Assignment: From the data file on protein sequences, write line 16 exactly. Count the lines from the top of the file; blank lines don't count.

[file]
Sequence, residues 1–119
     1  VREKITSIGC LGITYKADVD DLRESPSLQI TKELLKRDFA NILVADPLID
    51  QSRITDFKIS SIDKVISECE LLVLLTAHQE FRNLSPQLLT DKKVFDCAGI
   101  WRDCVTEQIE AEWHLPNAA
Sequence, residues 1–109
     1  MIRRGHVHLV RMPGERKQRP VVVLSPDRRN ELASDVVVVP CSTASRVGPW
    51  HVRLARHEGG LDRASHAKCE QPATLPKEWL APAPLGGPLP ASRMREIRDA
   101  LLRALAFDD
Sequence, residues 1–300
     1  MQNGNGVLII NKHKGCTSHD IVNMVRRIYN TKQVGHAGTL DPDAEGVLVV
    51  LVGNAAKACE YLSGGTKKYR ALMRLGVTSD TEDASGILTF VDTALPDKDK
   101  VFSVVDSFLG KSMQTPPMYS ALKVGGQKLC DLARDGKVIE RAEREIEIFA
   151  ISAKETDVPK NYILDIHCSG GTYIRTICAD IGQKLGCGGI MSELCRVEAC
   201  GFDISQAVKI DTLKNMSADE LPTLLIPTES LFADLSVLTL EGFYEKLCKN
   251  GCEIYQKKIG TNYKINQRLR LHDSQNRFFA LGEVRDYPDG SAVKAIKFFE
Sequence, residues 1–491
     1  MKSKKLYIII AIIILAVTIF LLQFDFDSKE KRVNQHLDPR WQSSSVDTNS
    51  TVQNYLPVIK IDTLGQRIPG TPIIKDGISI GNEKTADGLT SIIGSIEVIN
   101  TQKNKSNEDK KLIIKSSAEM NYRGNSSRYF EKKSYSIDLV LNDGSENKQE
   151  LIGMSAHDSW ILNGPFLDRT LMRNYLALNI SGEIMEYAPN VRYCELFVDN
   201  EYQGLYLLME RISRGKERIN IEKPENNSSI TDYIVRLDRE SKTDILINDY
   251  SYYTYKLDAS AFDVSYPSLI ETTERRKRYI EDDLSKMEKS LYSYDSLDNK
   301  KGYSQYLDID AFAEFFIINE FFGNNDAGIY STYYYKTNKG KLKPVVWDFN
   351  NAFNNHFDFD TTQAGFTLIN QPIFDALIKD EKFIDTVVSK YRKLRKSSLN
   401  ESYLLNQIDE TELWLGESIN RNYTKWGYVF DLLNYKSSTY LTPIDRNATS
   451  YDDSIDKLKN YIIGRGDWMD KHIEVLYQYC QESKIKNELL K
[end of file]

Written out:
Sequence, residues 1–491